Researchers at the biotechnology company Shade have developed a sensor, going under the same name, that allows people with systemic lupus erythematosus to accurately measure their ultraviolet (UV) exposure, enabling them to find and adjust to the personal exposure threshold that triggers their symptoms.
While many wearable devices claim to measure vital signs, Shade — developed by researchers — is reported to be as accurate and sensitive as significantly more expensive laboratory equipment.
“Today, there is a large gap in terms of reliability and accuracy between affordable consumer devices and expensive scientific laboratory equipment,” Emmanuel Dumont, PhD, a biophysicist, and the founder and CEO of Shade, said in a release provided to Lupus News Today. “Shade’s technology bridges this gap.”
The sensor was invented by scientists at the Jacobs Technion-Cornell Institute in New York, who worked with the design and innovation consultancy IDEO to develop the tracker. Several lupus patients were involved in the team beta testing Shade, and positive results are overwhelmingly positive.
Lupus is a disease where symptoms can be triggered by environmental factors, such as infections, smoking, and UV radiation. But while it is possible to quit smoking and take measures to prevent getting sick, it is difficult to completely stay out of the sun.
Patients also differ in their individual tolerance to UV light, and so far, there has been no reliable way to measure exposure. Symptoms triggered by UV also tend to be delayed by hours or days, making UV light is one of the environmental factors most difficult to control. Dumont decided to change that.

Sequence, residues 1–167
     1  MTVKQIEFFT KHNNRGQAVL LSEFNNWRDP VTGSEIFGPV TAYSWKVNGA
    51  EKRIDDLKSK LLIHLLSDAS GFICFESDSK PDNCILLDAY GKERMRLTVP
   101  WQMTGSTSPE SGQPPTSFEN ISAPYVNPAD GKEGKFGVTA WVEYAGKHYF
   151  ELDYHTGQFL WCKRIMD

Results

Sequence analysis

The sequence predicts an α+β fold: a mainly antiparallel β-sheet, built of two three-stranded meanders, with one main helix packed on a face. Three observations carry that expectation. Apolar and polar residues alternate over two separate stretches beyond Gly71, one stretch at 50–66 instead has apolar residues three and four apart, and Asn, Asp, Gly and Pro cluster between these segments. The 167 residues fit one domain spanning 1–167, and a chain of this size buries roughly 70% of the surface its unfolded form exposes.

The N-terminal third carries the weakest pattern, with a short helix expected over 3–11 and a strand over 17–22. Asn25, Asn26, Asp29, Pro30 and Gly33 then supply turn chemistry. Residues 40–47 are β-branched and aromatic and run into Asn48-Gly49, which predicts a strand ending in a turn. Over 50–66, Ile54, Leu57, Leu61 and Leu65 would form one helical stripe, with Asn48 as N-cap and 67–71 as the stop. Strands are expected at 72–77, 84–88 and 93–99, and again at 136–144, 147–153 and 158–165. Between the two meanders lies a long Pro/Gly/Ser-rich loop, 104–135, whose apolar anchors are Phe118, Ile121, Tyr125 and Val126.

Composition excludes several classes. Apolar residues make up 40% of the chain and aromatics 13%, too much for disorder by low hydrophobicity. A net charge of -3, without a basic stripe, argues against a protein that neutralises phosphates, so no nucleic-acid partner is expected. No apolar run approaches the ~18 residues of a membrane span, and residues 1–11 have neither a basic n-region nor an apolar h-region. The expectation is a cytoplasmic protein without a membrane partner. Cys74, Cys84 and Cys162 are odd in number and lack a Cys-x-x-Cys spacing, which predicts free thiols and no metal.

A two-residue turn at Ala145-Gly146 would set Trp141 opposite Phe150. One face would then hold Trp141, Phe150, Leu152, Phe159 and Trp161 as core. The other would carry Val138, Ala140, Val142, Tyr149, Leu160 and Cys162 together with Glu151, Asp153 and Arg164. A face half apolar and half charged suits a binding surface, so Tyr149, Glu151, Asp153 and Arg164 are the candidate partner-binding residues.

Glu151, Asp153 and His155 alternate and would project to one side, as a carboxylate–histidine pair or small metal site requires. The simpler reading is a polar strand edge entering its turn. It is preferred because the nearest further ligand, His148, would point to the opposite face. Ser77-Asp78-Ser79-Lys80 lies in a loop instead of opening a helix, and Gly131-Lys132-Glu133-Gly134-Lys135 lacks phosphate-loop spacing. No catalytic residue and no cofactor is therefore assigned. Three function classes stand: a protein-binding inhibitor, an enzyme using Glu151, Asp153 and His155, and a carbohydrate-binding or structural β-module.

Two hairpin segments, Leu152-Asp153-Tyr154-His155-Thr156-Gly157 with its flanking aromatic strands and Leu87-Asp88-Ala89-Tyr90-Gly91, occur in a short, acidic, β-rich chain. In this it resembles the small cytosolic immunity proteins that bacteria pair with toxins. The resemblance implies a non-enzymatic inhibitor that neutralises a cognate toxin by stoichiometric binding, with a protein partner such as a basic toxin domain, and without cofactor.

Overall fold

“Patients need to keep track of their cumulative UV exposure over the day, an arduous task given the high variations of UV exposure inside a car, in the shade, in direct sunlight,” she said.
Shade is a round, flat sensor that attaches to an outer garment with magnets. The sensor is linked with Bluetooth to an application on the patient’s smartphone, and automatically collects data throughout the day.
Each day, users also reports how they are feeling on a 10-point scale. The UV and patient data are displayed side by side, and patients can decide how much UV exposure they wish to manage. This cut-off value is then sent back to the sensor. According to Dumont, it takes one to two weeks before users find their personal UV tolerance.
One of the beta-users of Shade was U.S. Olympic gold medalist Shannon Boxx, who was also on the winning team of the soccer World Cup in 2015.
“With lupus, just training outdoors was often detrimental,” said Boxx, who was fighting her lupus while training for the championship. “Shade has helped me pinpoint and manage my personal tolerance to UV. For the first time, I feel confident and in control of my lupus.”
The medical board working with Dumont to develop the sensor included researchers such as Dr. Gary Gikelson, chairman of the Council of the Lupus Foundation of America.
Dr. Alana Levine, another member of the board and a rheumatologist at Hospital for Special Surgery in New York, speaks highly of the new sensor. ”Shade is a breakthrough, placing an accurate measuring device into the hands of the patient, and it enables patients to understand how much UV exposure triggers their own symptoms.”
Shade sensors will be available for order at wearshade.com and will start shipping in November. You can watch a Shade product video below.